Energy supplier E.ON has said “sorry” after coughing up £3million in penalties for claiming it had sent out free energy saving lightbulbs to homes when there was no “appropriate evidence” it had done so.
Ofgem slapped E.ON with the fine after an investigation found it had failed to accurately report the number of energy saving light bulbs it had installed in 2010.
It was obliged to install a certain number of energy saving measures in its customers homes under the carbon emissions reduction target (CERT) between 2008 and 2012.
Now the supplier must pay a £500,000 levy and spend £2.5million on a similar scheme for homeowners called the Warm Homes Discount in 2013/14.
E.ON blamed the shortfall on an “error” in reporting and administrative failings.
In a statement the provider said: “Some E.ON bulbs destined for Great Britain ended up in the Republic of Ireland and, in respect of other bulbs, E.ON was not able to provide appropriate evidence of their actual distribution.”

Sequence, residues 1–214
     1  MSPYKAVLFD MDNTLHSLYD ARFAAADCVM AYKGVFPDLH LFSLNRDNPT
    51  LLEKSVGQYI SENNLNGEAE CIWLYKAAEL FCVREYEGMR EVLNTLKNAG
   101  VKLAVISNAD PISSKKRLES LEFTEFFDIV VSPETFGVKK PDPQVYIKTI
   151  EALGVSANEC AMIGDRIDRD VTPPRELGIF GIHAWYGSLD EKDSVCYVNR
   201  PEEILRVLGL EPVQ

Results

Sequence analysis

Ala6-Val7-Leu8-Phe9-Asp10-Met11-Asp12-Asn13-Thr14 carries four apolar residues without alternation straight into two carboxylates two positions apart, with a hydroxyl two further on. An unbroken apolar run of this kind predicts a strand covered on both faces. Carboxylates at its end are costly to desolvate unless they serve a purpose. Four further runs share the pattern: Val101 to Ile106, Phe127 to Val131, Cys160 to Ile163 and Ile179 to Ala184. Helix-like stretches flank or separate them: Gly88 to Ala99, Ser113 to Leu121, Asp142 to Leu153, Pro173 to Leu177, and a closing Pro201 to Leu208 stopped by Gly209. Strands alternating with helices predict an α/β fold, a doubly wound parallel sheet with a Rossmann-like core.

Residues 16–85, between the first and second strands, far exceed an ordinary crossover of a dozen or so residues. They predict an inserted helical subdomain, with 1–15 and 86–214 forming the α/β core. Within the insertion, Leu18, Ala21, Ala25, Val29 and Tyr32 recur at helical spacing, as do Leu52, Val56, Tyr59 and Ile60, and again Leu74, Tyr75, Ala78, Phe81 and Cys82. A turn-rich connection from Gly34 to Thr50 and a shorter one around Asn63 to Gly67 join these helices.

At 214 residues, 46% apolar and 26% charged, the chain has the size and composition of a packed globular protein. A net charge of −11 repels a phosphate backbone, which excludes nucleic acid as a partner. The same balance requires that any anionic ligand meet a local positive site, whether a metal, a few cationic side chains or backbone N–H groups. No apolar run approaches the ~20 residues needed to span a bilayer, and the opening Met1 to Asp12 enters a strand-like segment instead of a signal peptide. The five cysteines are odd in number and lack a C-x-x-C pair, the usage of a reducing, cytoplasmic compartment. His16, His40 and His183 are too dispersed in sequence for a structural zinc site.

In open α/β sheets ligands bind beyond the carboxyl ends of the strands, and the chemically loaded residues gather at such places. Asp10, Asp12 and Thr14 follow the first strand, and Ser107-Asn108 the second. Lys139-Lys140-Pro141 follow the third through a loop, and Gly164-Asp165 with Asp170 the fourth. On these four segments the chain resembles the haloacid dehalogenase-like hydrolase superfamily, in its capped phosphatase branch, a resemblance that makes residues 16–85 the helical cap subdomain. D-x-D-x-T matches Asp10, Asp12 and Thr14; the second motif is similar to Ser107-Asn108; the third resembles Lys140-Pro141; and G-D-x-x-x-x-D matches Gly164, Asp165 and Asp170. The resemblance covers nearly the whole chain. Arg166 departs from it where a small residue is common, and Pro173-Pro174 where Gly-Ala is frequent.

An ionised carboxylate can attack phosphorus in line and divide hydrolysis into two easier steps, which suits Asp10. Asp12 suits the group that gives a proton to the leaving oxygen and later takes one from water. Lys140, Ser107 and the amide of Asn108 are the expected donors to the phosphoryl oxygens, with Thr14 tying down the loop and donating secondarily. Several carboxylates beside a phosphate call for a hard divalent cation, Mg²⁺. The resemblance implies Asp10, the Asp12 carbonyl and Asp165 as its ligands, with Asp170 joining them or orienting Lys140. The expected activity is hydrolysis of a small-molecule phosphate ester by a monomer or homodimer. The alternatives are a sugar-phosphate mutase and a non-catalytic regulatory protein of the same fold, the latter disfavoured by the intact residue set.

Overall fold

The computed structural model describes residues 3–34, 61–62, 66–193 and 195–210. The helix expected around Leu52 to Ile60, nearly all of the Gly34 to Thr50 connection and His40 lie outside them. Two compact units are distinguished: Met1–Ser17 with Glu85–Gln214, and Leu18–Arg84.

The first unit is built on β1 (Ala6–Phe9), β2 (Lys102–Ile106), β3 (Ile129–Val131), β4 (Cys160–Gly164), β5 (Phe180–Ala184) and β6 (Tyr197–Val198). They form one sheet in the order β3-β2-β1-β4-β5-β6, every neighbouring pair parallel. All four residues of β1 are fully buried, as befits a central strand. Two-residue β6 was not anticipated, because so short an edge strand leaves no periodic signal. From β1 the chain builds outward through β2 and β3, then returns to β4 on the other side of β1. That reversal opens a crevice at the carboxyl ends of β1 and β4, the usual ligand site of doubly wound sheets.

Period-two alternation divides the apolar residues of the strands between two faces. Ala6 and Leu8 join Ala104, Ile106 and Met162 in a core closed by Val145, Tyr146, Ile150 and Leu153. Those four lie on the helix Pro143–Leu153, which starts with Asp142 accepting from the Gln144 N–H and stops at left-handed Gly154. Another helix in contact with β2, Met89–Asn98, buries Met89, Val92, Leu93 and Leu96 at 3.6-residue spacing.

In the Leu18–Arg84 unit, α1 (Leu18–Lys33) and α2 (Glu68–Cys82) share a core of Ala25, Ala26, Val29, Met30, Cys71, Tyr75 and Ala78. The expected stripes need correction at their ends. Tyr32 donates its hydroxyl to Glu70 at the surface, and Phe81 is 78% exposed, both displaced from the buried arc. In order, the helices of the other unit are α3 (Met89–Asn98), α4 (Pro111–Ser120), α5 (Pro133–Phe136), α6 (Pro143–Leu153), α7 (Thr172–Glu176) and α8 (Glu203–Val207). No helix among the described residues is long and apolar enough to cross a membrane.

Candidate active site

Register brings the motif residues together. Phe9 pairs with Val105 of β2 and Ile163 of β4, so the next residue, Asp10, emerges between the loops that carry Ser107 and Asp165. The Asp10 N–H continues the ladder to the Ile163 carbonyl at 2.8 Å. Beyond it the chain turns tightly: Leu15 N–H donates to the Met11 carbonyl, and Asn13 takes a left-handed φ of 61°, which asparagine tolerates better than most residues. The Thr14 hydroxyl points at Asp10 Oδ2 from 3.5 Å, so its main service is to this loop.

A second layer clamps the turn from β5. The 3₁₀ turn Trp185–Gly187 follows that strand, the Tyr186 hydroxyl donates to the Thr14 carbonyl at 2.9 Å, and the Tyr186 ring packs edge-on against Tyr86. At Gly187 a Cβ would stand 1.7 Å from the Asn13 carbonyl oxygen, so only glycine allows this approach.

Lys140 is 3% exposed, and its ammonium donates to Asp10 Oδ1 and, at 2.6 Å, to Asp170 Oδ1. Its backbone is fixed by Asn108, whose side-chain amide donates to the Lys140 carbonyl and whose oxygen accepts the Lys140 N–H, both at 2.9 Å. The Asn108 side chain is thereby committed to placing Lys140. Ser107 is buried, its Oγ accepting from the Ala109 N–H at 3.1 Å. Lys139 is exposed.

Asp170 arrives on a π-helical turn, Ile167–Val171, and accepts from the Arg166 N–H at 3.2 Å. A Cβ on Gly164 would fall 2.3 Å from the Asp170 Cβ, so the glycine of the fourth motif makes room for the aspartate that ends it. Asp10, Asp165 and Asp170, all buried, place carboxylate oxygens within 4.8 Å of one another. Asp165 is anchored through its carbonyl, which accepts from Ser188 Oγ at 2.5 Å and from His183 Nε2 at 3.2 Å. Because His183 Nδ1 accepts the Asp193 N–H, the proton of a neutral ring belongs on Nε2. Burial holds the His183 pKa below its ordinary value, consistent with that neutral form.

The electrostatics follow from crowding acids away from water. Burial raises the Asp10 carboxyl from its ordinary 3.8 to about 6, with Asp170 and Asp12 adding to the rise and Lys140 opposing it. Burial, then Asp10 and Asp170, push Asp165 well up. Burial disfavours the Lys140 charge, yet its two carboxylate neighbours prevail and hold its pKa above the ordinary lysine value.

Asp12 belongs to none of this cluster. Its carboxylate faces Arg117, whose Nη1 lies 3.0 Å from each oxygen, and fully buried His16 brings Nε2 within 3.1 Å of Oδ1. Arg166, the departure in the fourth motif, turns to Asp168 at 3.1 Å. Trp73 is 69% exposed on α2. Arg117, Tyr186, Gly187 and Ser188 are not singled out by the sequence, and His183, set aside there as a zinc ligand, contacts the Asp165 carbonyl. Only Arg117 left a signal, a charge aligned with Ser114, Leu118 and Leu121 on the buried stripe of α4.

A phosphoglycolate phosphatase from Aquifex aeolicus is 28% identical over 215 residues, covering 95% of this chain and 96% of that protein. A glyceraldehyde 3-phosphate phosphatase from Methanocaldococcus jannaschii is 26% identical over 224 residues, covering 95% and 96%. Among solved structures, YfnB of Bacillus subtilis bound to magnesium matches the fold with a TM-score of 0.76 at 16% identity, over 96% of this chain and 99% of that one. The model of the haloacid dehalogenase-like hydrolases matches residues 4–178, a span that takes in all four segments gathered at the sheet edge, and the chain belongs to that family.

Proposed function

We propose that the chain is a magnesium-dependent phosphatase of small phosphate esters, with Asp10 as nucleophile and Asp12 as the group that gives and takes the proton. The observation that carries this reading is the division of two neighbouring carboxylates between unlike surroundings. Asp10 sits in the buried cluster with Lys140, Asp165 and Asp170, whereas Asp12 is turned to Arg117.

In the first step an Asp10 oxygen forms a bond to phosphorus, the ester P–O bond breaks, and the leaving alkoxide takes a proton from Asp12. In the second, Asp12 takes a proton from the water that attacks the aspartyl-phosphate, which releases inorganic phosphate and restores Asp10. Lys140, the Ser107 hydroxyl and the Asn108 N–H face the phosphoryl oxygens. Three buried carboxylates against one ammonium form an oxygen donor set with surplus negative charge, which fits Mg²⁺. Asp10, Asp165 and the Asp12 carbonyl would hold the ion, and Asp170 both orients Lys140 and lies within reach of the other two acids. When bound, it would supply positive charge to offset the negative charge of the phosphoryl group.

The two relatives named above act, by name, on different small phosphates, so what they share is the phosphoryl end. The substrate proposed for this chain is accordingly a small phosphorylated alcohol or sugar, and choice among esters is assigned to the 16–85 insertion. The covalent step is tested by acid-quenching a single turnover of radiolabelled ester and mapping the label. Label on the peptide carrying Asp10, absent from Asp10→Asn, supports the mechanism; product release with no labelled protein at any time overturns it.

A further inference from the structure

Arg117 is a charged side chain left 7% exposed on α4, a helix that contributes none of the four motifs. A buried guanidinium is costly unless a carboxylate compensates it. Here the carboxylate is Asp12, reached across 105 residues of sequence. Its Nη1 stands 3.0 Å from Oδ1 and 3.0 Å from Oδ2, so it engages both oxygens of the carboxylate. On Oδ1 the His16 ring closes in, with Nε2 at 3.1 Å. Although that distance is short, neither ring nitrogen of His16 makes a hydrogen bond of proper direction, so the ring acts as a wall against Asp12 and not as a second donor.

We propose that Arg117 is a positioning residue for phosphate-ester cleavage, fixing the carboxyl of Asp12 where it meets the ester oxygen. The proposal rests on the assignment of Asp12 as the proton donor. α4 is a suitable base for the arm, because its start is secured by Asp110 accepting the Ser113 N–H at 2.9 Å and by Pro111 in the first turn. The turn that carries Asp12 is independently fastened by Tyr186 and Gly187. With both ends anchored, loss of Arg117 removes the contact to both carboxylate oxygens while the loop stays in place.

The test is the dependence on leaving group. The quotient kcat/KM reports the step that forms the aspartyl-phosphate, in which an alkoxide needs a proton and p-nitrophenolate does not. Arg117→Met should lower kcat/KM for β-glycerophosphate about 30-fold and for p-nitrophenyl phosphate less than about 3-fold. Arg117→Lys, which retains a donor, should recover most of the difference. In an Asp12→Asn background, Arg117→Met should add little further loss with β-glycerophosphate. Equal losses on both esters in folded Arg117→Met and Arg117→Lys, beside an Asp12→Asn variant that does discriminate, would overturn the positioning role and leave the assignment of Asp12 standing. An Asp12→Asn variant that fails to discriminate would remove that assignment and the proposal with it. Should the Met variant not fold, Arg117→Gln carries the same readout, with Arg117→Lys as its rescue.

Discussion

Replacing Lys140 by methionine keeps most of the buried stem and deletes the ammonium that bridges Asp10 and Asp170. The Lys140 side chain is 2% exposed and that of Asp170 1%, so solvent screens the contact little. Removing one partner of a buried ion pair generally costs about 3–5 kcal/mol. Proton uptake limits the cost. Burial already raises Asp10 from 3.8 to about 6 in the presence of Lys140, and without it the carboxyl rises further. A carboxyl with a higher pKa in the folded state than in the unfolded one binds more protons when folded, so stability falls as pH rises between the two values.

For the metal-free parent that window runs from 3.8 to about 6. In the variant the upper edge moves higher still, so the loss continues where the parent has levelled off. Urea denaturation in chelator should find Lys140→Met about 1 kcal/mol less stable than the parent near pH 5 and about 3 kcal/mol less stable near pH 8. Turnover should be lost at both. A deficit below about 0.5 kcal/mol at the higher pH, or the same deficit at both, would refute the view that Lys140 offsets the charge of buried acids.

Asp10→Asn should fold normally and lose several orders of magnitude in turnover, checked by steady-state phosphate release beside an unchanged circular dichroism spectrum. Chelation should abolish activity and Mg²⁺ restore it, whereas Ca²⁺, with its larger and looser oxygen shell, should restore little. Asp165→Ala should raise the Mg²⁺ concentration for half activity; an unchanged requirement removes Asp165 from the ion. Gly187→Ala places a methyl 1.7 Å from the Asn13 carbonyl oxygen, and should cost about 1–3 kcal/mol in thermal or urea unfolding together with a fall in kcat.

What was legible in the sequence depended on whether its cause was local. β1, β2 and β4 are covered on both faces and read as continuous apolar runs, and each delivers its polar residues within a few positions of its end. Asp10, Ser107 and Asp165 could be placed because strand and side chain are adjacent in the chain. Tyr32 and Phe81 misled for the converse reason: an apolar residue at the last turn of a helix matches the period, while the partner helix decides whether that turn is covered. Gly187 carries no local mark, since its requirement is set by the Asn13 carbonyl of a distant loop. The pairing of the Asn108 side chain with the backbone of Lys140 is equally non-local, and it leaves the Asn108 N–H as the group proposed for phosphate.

Tony Cocker, chief executive of E.ON UK said: “We’re sorry that these mistakes were made in 2010 and Ofgem has received a Board level assurance that the necessary changes have been made. Our controls should have been stronger and our processes more robust.”
He added: “No consumers were misled because of this mistake but this does not take away from the fact it was an error that should not have been made.”